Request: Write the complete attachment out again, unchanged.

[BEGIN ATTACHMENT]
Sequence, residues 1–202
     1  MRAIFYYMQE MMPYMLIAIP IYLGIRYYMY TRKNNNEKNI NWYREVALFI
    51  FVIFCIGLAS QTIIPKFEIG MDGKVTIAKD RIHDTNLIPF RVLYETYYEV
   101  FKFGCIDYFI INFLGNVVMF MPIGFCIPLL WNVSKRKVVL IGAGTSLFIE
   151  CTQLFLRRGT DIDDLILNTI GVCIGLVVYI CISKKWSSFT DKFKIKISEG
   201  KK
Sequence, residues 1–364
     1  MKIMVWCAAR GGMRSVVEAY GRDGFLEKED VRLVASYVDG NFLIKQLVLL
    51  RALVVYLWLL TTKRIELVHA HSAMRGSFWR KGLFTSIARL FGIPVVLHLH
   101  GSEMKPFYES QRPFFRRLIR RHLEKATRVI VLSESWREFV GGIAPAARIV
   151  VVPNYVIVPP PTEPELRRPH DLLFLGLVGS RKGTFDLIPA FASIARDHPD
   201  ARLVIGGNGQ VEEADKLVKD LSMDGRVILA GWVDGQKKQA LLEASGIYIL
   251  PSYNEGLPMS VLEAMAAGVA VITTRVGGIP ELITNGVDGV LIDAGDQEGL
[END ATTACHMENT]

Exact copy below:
Sequence, residues 1–202
     1  MRAIFYYMQE MMPYMLIAIP IYLGIRYYMY TRKNNNEKNI NWYREVALFI
    51  FVIFCIGLAS QTIIPKFEIG MDGKVTIAKD RIHDTNLIPF RVLYETYYEV
   101  FKFGCIDYFI INFLGNVVMF MPIGFCIPLL WNVSKRKVVL IGAGTSLFIE
   151  CTQLFLRRGT DIDDLILNTI GVCIGLVVYI CISKKWSSFT DKFKIKISEG
   201  KK
Sequence, residues 1–364
     1  MKIMVWCAAR GGMRSVVEAY GRDGFLEKED VRLVASYVDG NFLIKQLVLL
    51  RALVVYLWLL TTKRIELVHA HSAMRGSFWR KGLFTSIARL FGIPVVLHLH
   101  GSEMKPFYES QRPFFRRLIR RHLEKATRVI VLSESWREFV GGIAPAARIV
   151  VVPNYVIVPP PTEPELRRPH DLLFLGLVGS RKGTFDLIPA FASIARDHPD
   201  ARLVIGGNGQ VEEADKLVKD LSMDGRVILA GWVDGQKKQA LLEASGIYIL
   251  PSYNEGLPMS VLEAMAAGVA VITTRVGGIP ELITNGVDGV LIDAGDQEGL